Ruling of the Supreme Court of Justice, 7 th of July 2016

Nullity of ruling – Failure to rule – Challenging the factual basis – Investigative proceedings – Disciplinary proceedings – Jurisdiction of the Supreme Court of Justice 

This ruling analyzes the lawfulness of the dismissal of an employee, question which has been brought before the Supreme Court of Justice, inter alia, due to the alleged expiration of the disciplinary proceedings.

In the case under analysis, the employer's Board of Directors had decided, on the 10th of May 2013, disciplinary proceedings to be brought against the employee and his immediate preventive suspension. It was only on the 6 th of September 2013 that an investigation report was drafted, with the Notice of Misconduct attached to it. It was sent to the employee by registered post with recorded deliver, postmarked on the 16th of September 2013. The employee received the said documents two days after their dispatch. 

The Court of First Instance found the dismissal unlawful due to the expiration of the disciplinary proceedings. The employer filed an appeal, requesting the investigative proceedings allegedly conducted (as testimonial evidence that had not been documented in writing) to be included in the case file as established facts, in order to demonstrate that prior investigations had been conducted for the purpose of drafting the Notice of Misconduct. The Guimarães Court of Appeal, however, has ruled that, by dint of the applicable Collective Bargaining Agreement (CBA), all investigative proceedings undertaken within the scope of disciplinary proceedings had to be documented in writing and initialed, as otherwise they could not be accepted as evidence in Court.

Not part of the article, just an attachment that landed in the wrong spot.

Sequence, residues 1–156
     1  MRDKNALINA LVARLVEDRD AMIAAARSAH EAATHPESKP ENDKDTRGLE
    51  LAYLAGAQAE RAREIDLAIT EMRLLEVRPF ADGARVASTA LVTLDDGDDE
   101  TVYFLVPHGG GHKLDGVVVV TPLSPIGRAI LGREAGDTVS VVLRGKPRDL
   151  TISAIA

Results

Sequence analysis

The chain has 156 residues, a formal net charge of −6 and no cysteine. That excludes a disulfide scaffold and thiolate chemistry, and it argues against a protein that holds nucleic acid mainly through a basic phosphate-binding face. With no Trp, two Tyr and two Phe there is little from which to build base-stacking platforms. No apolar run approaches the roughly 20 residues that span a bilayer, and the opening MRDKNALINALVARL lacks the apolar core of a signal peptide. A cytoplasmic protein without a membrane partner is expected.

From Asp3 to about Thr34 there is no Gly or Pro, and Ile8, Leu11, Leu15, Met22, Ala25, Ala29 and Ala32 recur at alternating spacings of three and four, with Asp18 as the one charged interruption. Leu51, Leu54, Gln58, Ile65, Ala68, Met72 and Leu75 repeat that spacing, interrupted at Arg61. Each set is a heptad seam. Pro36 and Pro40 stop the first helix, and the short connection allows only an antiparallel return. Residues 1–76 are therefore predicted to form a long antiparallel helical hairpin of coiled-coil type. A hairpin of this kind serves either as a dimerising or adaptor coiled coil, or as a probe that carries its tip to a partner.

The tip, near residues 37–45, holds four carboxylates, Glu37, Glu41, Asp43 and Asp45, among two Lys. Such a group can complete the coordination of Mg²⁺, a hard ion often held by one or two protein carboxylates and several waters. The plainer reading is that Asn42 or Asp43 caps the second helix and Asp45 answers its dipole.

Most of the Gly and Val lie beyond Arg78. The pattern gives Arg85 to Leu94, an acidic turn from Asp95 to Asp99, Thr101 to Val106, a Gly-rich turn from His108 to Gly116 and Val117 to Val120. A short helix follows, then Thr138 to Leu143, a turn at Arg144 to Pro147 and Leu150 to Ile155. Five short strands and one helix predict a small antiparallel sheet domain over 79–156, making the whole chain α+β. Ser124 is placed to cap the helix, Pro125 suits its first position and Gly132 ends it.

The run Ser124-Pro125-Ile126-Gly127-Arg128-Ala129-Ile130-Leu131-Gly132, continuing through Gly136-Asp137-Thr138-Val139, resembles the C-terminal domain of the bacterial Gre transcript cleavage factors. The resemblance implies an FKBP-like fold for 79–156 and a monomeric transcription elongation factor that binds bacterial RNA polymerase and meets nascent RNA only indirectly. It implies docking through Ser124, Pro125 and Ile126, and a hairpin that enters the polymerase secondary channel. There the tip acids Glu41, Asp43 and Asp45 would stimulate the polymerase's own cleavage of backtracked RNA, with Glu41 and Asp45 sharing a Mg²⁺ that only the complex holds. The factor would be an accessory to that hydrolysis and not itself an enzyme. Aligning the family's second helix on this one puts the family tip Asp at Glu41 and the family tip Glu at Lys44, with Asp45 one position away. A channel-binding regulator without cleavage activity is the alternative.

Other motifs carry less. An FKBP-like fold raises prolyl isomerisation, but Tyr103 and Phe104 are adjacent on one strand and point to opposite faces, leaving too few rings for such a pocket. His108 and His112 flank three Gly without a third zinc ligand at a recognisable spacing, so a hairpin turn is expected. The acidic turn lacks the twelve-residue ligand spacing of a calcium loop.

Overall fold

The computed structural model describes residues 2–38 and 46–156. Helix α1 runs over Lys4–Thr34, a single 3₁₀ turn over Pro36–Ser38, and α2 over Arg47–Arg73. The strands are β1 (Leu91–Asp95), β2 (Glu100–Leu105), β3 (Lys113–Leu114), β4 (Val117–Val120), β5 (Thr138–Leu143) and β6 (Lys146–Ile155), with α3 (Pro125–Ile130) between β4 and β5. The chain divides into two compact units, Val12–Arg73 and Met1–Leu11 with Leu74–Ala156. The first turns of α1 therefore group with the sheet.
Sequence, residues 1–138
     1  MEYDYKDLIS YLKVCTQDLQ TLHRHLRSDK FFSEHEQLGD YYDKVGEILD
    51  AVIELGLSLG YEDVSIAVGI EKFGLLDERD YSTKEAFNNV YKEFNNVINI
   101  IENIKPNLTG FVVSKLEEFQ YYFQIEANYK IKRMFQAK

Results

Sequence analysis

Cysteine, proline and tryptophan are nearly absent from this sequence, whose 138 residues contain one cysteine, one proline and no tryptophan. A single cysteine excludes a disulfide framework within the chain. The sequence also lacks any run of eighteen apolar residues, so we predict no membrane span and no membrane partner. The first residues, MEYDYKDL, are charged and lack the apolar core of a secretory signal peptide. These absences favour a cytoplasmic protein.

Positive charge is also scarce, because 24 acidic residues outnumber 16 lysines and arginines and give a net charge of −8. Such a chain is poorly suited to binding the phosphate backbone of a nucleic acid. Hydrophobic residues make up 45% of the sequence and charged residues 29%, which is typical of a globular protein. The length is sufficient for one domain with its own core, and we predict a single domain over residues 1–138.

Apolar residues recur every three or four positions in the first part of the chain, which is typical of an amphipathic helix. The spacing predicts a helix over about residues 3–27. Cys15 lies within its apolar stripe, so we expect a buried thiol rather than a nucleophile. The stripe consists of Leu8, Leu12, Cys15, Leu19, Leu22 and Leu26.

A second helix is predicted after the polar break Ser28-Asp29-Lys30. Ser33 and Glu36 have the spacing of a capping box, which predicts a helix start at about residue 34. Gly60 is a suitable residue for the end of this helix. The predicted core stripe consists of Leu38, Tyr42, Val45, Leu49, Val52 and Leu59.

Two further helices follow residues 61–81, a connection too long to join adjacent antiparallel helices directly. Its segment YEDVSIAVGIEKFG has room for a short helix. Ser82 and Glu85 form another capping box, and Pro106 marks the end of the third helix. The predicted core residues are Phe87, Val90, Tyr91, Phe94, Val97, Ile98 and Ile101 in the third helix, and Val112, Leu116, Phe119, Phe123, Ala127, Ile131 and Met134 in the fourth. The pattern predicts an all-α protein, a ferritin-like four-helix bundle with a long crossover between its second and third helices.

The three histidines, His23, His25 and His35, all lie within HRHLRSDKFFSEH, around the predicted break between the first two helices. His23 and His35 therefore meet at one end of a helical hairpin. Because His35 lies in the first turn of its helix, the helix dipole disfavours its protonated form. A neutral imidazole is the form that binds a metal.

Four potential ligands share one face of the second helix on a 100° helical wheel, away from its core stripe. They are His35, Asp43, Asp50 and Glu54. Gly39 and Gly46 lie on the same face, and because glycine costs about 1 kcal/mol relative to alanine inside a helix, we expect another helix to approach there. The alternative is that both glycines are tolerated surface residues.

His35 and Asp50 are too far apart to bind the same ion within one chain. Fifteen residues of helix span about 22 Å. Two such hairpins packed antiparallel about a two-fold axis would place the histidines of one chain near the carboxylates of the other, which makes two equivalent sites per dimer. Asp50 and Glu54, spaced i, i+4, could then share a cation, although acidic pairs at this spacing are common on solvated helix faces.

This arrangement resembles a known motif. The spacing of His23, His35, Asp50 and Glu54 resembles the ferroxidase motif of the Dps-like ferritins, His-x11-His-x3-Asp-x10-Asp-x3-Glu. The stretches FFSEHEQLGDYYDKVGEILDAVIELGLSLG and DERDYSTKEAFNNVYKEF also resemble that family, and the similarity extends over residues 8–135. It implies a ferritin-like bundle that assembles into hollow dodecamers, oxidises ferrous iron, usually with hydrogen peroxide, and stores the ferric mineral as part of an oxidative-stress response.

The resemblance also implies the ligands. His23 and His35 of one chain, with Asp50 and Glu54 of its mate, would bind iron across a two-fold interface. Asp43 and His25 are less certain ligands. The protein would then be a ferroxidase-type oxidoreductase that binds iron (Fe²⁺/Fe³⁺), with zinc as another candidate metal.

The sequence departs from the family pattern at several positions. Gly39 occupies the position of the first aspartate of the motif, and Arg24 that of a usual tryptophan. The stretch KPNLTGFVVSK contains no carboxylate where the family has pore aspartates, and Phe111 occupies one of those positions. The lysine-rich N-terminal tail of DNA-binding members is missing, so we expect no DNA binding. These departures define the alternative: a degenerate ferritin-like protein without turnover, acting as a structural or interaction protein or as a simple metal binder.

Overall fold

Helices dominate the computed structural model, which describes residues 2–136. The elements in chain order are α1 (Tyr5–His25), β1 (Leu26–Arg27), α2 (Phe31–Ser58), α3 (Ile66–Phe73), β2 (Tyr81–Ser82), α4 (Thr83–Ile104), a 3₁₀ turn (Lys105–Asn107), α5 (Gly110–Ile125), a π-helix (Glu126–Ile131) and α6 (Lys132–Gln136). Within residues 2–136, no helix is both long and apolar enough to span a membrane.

The matter was referred to the Supreme Court of Justice, which has ruled that the law does not require all the proceedings undertaken within the scope of disciplinary proceedings to be documented in writing (in particular, such documentation is not required for testimonial evidence produced for the purpose of investigating within a disciplinary proceeding). Furthermore, since this matter cannot be subsumed into any of the exceptions to the mandatory termination of employment contracts regime, the interpretation of the CBA provision was found inadmissible, for it prevents proceedings not documented in writing from being considered by the Court.

The Supreme Court of Justice has concluded that the employer could justify the delay in drawing up the Notice of Misconduct on the basis of witness accounts, thereby demonstrating that the exception invoked by the employee was not relevant to the case. Nevertheless, in this particular case, the employer could not prove the facts through the investigative proceedings undertaken, since he had not claimed those facts in a timely manner. 

Ruling by the Évora Court of Appeal, 7 th of September 2016

Contract for the use of temporary employment – Admissibility 

In the case under review, the Évora Court of Appeal had to decide whether or not there were legal grounds for entering into a temporary work contract. The situation underlying this case was the one of an employee that had been recruited by a temporary-work agency (TWA) on a contract of indefinite duration, in order to be assigned to a User Company (UC), whose area of activity was to assemble modules, manufacture, distribute and market components for the car industry. The UC conducted near 80% of its business with a single client, whose activity was seasonal in nature. On two occasions, the TWA informed the employee that the employment contract had terminated, and on both occasions the employee was re-recruited to be reassigned to the same UC.